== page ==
Consumer confidence rebounded in April to near its highest level since before the 2008 financial crisis sparked a major recession.
The benchmark University of Michigan/Thomson Reuters index hit 84.1 in April up from 80 in March. The April total represents an increase from 76.4 in April of last year.
The index had reached a post-recession high of 85.1 in July 2013, before slow economic growth, uncertainty over Federal Reserve policy and budget squabbling in Washington contributed to a decline.
U.S. stocks were down Friday morning despite the strong survey results. The Dow Jones Industrial Average was down nearly 148 points, a decline of 0.89 percent as of 11:17 a.m. and the tech-heaving NASDAQ was down 1.53 percent, both driven lower by lackluster earnings reports for the first quarter of 2014.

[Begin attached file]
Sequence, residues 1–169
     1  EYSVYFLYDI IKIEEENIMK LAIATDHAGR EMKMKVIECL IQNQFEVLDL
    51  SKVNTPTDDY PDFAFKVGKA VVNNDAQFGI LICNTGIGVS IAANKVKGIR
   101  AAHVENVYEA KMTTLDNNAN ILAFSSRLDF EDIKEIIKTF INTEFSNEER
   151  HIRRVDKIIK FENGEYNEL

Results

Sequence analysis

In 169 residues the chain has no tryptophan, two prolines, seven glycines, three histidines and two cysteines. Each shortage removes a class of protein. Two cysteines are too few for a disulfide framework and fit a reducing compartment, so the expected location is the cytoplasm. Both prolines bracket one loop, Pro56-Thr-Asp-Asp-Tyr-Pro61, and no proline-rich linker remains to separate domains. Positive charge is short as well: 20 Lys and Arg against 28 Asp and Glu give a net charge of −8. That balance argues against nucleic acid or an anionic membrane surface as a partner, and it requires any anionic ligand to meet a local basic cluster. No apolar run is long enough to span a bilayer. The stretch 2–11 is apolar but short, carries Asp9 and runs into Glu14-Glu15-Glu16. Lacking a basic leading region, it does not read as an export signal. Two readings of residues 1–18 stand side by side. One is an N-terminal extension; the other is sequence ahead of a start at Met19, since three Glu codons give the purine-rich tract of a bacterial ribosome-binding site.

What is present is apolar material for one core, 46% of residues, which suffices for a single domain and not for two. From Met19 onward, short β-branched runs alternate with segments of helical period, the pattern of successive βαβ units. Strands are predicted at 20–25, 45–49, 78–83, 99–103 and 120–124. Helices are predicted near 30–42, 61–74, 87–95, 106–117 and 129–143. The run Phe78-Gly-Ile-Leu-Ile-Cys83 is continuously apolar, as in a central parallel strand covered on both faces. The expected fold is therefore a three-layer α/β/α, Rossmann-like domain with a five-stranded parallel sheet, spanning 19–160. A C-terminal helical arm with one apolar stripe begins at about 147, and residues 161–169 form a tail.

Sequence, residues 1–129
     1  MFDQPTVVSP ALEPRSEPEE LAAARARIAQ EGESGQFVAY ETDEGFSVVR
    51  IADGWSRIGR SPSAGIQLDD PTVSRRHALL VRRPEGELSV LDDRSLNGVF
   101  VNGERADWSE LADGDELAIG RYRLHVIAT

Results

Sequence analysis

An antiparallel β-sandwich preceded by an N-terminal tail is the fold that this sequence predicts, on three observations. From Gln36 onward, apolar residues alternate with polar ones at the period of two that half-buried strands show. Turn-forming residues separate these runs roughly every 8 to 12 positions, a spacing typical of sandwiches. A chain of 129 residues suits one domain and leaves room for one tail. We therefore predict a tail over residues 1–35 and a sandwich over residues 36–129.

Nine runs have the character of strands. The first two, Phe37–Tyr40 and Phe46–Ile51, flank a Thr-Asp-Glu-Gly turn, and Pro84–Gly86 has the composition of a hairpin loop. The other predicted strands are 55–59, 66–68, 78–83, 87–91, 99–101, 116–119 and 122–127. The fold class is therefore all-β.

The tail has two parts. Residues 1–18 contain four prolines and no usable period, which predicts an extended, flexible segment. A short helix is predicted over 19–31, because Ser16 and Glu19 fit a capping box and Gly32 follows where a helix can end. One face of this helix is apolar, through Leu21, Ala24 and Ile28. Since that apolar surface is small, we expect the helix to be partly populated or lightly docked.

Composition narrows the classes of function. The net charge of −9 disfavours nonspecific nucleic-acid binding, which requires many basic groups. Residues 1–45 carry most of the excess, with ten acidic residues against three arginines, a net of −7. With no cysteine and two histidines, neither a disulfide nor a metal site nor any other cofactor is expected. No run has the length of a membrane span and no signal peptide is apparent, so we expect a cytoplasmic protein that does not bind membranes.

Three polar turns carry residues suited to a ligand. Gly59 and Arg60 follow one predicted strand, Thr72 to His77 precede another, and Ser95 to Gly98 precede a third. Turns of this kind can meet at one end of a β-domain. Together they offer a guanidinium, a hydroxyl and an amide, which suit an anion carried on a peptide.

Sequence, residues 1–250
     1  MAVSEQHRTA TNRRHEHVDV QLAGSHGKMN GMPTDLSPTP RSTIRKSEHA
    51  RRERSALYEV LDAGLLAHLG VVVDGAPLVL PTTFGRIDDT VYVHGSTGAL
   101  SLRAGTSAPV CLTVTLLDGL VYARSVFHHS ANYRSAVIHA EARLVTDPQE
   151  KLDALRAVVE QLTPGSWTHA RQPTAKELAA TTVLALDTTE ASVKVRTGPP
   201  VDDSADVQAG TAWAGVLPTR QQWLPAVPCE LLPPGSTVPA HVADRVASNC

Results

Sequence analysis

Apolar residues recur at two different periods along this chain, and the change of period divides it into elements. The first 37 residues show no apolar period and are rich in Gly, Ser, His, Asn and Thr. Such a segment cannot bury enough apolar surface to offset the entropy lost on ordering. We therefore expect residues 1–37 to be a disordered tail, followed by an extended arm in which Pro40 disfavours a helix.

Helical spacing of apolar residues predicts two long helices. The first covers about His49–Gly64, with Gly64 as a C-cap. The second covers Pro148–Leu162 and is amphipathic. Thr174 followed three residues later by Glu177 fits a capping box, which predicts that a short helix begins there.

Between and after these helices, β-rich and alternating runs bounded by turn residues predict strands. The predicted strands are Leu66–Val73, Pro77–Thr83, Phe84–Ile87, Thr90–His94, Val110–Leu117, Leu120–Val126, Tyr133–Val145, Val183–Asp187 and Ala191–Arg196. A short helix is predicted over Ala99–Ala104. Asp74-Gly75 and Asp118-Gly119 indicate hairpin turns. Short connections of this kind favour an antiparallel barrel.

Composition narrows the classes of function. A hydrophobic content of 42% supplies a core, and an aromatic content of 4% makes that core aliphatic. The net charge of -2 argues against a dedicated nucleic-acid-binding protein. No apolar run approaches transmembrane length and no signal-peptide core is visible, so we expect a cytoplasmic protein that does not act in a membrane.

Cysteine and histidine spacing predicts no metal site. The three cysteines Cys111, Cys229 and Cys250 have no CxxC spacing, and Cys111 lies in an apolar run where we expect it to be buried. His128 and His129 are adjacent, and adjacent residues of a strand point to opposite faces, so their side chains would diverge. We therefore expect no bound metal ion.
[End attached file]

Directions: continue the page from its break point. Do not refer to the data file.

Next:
The survey represents attitudes about current conditions and about expectations for future financial conditions.
“Importantly, consumers were slightly more optimistic about future job gains, although most consumers expect only minor improvements in the national unemployment rate during the year ahead,” the survey results said.
Richard Curtin, the economist for the survey, cautioned that it remains to be seen if there will be backsliding this year.
“Resilience among consumers is dependent on positive long term economic expectations. While near term expectations have improved substantially, longer term expectations for personal finances as well as the overall economy have remained unchanged from a year ago,” Curtin said.
“Hopefully, as the pace of economic growth springs ahead in the coming months, the main beneficiary will be an improvement in long term economic expectations for personal finances as well as the overall economy,” he added.